The form of causation in health, disease and intervention: biopsychosocial dispositionalism, conserved quantity transfers and dualist mechanistic chains

Scientific Contribution

DOI: 10.1007/s11019-017-9753-6

Cite this article as:
Evans, D.W., Lucas, N. & Kerry, R. Med Health Care and Philos (2017). doi:10.1007/s11019-017-9753-6

Abstract

Causation is important when considering: how an organism maintains health; why disease arises in a healthy person; and, how one may intervene to change the course of a disease. This paper explores the form of causative relationships in health, disease and intervention, with particular regard to the pathological and biopsychosocial models. Consistent with the philosophical view of dispositionalism, we believe that objects are the fundamental relata of causation. By accepting the broad scope of the biopsychosocial model, we argue that psychological and social constructs be considered objects. We think that this ‘biopsychosocial dispositionalism’ offers the flexibility required to describe causation throughout health, disease and intervention pathways. When constructing mechanistic chains to describe causative pathways, we argue that an object will causally connect with others through actions; transfers of energy from one object to another, initiated by the manifestation of one or more dispositional property. Finally, our analysis of causative interactions utilises the concept that a common form of interaction exists between disease and intervention pathways. This common form will always be an object, but the mode of interaction will vary with each disease. We describe how intervention may act through objects being shared between converging mechanistic chains, or through the removal and/or insertion of objects in such chains. We believe that this analysis provides novel insight to the forms of causative transactions that can occur. In addition, we hope that the findings of this analysis represent the first step towards developing a framework for appraising the composition of mechanistic theories.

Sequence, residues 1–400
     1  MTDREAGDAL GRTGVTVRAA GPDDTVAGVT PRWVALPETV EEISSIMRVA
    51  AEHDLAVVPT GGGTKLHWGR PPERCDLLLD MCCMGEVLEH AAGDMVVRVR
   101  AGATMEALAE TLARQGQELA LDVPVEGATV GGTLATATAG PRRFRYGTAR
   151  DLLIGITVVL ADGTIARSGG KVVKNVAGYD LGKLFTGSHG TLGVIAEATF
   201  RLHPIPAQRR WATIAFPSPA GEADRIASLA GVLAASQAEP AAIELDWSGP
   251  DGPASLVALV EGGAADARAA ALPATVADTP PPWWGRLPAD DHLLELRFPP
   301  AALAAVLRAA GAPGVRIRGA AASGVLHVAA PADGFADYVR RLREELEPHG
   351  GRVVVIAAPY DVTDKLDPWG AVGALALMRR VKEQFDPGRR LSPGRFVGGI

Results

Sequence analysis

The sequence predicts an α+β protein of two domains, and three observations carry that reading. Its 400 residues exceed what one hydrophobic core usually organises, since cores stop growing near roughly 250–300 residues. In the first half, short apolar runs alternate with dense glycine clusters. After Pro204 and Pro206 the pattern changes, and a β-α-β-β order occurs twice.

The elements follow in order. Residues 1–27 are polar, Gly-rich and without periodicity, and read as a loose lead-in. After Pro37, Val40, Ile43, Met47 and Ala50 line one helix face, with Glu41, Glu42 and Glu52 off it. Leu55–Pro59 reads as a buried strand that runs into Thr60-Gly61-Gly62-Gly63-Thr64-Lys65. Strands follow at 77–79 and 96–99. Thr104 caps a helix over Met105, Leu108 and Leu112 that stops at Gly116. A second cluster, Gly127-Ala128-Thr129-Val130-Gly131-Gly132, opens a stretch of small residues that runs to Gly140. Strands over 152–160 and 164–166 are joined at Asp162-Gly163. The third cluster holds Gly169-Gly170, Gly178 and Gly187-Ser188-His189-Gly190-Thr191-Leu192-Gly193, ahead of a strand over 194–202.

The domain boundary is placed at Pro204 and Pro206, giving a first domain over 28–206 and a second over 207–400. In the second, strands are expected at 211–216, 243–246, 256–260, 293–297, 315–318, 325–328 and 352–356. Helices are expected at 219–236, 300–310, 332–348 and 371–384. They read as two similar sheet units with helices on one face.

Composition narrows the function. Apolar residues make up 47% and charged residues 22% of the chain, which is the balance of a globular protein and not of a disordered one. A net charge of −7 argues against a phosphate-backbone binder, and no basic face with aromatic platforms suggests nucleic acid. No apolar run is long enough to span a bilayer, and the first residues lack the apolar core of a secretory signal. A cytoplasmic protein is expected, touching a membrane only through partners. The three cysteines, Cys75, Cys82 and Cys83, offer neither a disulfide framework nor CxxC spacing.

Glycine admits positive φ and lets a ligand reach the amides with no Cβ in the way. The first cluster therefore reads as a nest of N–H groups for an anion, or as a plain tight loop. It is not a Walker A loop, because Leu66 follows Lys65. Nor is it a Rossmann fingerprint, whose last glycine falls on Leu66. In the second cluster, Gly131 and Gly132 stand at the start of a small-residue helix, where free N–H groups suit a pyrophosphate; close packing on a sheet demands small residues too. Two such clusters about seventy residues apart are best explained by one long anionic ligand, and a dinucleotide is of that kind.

Keywords

Causation Mechanisms Intervention Pathology Biopsychosocial Dispositionalism 

Copyright information

© Springer Science+Business Media Dordrecht 2017

Authors and Affiliations

  1. 1.Research CentreBritish School of OsteopathyLondonUK
  2. 2.Sydney School of Public HealthUniversity of SydneySydneyAustralia
  3. 3.Division of Physiotherapy Education and Department of PhilosophyUniversity of NottinghamNottinghamUK

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